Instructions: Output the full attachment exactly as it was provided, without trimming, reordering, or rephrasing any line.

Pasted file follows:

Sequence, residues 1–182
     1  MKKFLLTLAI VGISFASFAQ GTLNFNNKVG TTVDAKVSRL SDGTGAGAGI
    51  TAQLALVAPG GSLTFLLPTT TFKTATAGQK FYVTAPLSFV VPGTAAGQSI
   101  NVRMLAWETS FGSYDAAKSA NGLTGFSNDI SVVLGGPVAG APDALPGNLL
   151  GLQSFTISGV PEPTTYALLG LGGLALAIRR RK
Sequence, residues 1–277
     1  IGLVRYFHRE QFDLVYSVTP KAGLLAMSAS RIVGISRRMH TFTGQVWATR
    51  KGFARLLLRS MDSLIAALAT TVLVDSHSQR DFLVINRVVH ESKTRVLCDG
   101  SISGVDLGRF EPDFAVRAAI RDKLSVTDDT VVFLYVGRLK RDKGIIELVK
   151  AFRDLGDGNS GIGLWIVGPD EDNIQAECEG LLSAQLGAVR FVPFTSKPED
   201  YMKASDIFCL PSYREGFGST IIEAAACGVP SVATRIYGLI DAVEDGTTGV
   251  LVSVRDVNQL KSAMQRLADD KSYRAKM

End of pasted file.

Sequence, residues 1–182
     1  MKKFLLTLAI VGISFASFAQ GTLNFNNKVG TTVDAKVSRL SDGTGAGAGI
    51  TAQLALVAPG GSLTFLLPTT TFKTATAGQK FYVTAPLSFV VPGTAAGQSI
   101  NVRMLAWETS FGSYDAAKSA NGLTGFSNDI SVVLGGPVAG APDALPGNLL
   151  GLQSFTISGV PEPTTYALLG LGGLALAIRR RK
Sequence, residues 1–277
     1  IGLVRYFHRE QFDLVYSVTP KAGLLAMSAS RIVGISRRMH TFTGQVWATR
    51  KGFARLLLRS MDSLIAALAT TVLVDSHSQR DFLVINRVVH ESKTRVLCDG
   101  SISGVDLGRF EPDFAVRAAI RDKLSVTDDT VVFLYVGRLK RDKGIIELVK
   151  AFRDLGDGNS GIGLWIVGPD EDNIQAECEG LLSAQLGAVR FVPFTSKPED
   201  YMKASDIFCL PSYREGFGST IIEAAACGVP SVATRIYGLI DAVEDGTTGV
   251  LVSVRDVNQL KSAMQRLADD KSYRAKM